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Agencies one step closer to getting modern IT ... again

May 17, 2017 (Photo Credit: Chip Somodevilla/Getty Images)
Even in polarized Washington, the odds for bipartisan support of the Modernizing Government Technology Act were never slim.

The House passed the information technology modernization bill by a voice vote on May 17, sending it back to the Senate after the 2016 version of the bill stalled late last year.

“We have some young folks in the chamber right now, and I hope they recognize that this is how their government is supposed to work,” said Rep. Will Hurd, R-Texas, the cosponsor of the bill.

Support for the bill — which creates both agency-specific funds and a central fund for large IT upgrade projects — was never in short supply.

The legislation was formed as a compromise bill September 2016, combining elements of Hurd’s Modernizing Outdated and Vulnerable Equipment and Information Technology, or MOVE IT, Act with Rep. Steny Hoyer’s, D-Md., Information Technology Modernization Act in a show of bipartisan support for funding better IT systems for federal agencies.  

That version of the MGT Act passed the House unanimously, but stumbled in the Senate following a Congressional Budget Office score that said it would cost $9 billion to implement.

Hurd and Rep. Robin Kelly, D-Ill., reintroduced the bill on April 28 with support from Hoyer and Rep. Gerry Connolly, D-Va. The new bill trimmed appropriation costs and eliminated pay-as-you-go costs, earning a more palatable CBO score of $500 million.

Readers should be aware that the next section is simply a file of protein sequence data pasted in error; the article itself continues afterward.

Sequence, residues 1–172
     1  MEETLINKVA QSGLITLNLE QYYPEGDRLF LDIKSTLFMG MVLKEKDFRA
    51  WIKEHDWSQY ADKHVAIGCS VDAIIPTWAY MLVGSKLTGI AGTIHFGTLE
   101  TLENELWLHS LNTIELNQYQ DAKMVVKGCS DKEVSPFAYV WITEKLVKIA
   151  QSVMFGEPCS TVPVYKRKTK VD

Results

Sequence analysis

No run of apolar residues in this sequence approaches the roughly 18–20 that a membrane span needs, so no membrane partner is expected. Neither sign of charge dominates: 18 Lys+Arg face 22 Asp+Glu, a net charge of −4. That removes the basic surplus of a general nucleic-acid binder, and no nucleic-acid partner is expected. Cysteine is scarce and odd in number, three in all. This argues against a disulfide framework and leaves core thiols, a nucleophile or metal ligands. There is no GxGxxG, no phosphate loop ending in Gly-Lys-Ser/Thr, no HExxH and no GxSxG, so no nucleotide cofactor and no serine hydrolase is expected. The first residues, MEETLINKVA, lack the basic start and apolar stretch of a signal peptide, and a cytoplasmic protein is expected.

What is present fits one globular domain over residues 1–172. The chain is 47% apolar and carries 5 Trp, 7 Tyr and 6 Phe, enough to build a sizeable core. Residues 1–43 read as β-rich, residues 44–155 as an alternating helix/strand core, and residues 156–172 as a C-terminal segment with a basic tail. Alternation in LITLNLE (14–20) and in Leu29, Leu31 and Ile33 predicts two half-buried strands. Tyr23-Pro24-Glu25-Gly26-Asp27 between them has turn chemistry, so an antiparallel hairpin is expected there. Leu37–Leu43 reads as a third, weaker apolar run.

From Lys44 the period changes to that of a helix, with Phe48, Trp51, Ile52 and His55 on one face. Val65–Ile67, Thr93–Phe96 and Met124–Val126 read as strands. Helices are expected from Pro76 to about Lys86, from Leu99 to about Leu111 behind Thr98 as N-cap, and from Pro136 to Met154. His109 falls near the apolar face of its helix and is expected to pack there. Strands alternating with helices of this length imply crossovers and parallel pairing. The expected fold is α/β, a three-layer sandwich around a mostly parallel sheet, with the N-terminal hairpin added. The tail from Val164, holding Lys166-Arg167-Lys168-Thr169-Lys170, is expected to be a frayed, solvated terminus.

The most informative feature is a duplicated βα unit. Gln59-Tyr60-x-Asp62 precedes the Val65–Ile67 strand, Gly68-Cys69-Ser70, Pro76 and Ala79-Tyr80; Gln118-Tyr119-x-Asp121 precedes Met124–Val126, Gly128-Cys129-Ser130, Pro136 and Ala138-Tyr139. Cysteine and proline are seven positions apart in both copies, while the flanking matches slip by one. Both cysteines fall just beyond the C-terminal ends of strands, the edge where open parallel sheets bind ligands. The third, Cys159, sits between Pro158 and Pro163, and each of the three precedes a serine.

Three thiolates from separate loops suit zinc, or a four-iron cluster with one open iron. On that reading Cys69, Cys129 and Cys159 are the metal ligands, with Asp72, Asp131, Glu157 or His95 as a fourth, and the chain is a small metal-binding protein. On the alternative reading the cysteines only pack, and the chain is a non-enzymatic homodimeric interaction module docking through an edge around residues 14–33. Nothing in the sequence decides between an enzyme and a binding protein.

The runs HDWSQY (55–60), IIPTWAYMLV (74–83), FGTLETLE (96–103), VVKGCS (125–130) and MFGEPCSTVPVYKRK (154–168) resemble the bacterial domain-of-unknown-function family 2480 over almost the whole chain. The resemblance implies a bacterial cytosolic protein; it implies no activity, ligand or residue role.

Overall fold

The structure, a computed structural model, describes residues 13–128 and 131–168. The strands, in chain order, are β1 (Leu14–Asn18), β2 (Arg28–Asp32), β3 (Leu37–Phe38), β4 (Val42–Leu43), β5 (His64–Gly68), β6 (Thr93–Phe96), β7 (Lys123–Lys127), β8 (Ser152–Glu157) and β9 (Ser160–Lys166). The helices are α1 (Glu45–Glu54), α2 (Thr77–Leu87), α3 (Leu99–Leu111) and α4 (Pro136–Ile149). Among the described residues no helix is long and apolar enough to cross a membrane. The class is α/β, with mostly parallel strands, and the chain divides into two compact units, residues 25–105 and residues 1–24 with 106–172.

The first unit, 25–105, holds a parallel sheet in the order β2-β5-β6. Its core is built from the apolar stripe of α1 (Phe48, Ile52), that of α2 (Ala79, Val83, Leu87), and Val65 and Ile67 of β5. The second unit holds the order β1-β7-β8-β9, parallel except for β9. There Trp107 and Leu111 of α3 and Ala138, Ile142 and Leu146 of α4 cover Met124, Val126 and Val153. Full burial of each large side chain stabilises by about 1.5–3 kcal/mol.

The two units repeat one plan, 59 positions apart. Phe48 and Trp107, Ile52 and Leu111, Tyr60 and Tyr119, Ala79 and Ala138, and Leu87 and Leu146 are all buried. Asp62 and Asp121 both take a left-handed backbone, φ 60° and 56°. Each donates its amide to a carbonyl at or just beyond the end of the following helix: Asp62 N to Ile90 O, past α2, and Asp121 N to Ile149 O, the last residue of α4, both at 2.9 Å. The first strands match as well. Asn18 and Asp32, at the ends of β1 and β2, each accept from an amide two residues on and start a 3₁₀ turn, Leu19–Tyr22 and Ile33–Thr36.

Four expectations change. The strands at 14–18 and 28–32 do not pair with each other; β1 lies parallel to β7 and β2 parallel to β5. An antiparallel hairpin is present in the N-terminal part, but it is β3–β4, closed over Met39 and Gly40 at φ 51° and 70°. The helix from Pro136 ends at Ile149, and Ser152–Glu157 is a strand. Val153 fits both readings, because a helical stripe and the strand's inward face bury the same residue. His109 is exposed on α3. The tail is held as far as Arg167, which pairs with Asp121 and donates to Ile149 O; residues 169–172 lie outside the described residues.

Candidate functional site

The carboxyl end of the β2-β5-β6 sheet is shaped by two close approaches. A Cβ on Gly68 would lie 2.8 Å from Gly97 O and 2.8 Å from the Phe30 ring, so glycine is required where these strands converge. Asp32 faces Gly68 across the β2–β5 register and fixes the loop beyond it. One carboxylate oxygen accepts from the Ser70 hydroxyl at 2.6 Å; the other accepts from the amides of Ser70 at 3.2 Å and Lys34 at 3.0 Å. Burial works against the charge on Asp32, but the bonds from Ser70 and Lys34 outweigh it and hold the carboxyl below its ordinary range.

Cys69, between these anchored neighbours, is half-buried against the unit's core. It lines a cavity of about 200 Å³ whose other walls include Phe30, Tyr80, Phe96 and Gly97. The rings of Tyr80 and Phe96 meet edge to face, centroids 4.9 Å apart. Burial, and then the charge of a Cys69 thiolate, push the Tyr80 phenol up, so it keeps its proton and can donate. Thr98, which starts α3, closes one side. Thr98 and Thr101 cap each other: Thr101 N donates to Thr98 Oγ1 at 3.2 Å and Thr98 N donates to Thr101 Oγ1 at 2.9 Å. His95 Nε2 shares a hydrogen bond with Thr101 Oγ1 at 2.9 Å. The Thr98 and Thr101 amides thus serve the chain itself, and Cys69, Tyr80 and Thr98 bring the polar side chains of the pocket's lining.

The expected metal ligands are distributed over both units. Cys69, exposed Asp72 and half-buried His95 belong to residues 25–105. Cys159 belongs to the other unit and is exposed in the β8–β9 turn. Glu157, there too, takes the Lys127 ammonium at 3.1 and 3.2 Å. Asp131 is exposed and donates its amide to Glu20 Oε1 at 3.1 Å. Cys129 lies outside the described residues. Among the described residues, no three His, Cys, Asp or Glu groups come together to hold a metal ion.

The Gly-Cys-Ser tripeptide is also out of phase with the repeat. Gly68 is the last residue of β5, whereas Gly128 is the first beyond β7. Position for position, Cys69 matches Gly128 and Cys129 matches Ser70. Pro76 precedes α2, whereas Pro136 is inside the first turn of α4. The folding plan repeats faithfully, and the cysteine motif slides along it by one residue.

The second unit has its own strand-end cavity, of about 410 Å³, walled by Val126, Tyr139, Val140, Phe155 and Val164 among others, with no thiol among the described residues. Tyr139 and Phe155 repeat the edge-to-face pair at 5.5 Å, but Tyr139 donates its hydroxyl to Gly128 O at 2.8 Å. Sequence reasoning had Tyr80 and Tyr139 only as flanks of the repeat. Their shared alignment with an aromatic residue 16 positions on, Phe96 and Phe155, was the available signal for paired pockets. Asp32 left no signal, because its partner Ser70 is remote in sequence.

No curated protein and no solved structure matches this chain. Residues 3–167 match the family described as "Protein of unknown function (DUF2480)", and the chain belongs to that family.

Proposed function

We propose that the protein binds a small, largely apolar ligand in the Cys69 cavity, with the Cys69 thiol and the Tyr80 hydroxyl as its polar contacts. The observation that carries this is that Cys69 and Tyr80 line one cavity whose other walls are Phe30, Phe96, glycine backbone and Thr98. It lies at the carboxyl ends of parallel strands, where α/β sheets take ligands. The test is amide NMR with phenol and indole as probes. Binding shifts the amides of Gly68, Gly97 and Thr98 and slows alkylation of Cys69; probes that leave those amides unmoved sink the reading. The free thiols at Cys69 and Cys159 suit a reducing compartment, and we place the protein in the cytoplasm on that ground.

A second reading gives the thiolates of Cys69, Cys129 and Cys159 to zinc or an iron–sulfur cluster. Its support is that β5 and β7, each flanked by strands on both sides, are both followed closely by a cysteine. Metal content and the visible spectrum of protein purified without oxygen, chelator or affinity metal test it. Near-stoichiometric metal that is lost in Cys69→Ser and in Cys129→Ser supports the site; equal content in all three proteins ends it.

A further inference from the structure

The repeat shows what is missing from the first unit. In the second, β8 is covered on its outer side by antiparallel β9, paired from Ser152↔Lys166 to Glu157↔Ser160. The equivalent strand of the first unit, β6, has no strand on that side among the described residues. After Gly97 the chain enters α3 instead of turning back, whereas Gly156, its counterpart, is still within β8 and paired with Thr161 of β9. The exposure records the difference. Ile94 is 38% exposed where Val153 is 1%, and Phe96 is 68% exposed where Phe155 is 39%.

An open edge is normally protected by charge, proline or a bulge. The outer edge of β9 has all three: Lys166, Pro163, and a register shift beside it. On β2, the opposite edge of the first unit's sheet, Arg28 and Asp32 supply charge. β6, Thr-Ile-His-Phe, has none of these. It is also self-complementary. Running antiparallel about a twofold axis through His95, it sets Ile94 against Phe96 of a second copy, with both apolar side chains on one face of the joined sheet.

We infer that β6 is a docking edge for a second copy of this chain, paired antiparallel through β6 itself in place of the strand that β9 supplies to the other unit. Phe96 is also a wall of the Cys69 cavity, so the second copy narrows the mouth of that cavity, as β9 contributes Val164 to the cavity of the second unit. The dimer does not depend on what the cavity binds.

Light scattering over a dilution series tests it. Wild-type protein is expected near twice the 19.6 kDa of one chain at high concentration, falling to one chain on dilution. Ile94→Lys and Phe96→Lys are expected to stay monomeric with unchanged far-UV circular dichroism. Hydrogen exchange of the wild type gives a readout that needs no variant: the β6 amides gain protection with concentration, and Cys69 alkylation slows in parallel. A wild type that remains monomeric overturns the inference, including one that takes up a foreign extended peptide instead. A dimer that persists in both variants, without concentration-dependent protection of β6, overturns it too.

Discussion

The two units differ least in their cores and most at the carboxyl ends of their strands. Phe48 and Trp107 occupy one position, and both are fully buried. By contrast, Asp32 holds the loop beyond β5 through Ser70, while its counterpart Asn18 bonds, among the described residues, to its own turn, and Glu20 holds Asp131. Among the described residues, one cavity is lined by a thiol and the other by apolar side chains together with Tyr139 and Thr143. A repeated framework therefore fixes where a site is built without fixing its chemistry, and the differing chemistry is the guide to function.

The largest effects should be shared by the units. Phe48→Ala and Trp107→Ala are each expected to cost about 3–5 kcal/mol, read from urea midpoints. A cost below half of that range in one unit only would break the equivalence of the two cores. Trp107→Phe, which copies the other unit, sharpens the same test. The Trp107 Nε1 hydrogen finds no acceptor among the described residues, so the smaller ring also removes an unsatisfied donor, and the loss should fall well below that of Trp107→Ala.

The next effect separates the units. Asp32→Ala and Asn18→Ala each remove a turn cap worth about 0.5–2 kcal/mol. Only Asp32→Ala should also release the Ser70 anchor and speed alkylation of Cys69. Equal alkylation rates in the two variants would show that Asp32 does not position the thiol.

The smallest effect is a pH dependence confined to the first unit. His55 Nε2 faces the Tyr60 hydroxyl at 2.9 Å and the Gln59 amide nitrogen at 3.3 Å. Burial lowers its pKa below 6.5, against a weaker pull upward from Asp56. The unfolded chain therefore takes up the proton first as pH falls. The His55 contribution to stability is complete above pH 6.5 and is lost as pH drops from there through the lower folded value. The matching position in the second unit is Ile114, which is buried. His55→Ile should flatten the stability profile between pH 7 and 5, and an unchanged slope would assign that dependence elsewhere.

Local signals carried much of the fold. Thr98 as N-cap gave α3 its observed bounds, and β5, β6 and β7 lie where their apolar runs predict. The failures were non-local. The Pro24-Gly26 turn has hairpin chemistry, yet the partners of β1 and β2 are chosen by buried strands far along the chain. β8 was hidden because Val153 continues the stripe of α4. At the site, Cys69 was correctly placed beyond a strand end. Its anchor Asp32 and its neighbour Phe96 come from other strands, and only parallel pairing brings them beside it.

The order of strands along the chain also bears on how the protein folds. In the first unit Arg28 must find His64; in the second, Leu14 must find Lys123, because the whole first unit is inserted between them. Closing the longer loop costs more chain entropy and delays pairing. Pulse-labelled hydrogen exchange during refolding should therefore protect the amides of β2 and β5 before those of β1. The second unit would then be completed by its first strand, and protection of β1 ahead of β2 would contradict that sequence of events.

The recent cyberattacks of WannaCry ransomware and the 2015 hack of the Office of Personnel Management struck a chord for many on the importance of the bill.  

“Over the past few years, we have all witnessed the havoc that sophisticated cyberattacks can wreak on our nation,” Connolly said. “The MGT Act will authorize an upfront investment to retire vulnerable, large-scale legacy systems affecting multiple agencies. This bipartisan, bicameral legislation would provide mechanisms and much-needed funding for agencies to speed-up the process of moving from legacy IT systems to cutting-edge technologies.”

Connelly added that the MGT Act "lays the foundation for the future of IT modernization funding."

Industry stakeholders immediately applauded the House vote and rallied the Senate to pass the bill in earnest.

“The MGT Act is needed to break the cycle that traps the government in funding outdated IT systems that are a risk to our national security instead of investing in the new technologies it needs to ensure cybersecurity,” IT Alliance for the Public Sector Senior Vice President for Public Sector Trey Hodgkins said in a statement.

McAfee Chief Public Policy Officer Tom Gann echoed those sentiments, recalling the impact of the OPM hack, which exposed the personal information of more than 21 million federal employees and family members.

“We have only to remember breaches such as OPM two years ago to realize that federal networks do much more than enable our federal agencies to function; they house extremely sensitive data that can be valuable to all kinds of attackers,” he said in a statement.

“The MGT Act will enable old IT systems to be retired and replaced so that security with intelligent, self-remediating endpoints can get to work protecting our national assets.”

The MGT Act is seen as a critical piece of both Congress’ and the White House’s strategy on IT modernization and cybersecurity. Trump administration officials have cited the bill, alongside recent executive orders, in the White House’s move to strengthen the federal government’s cyber posture.

The bill will now head to the Senate. 

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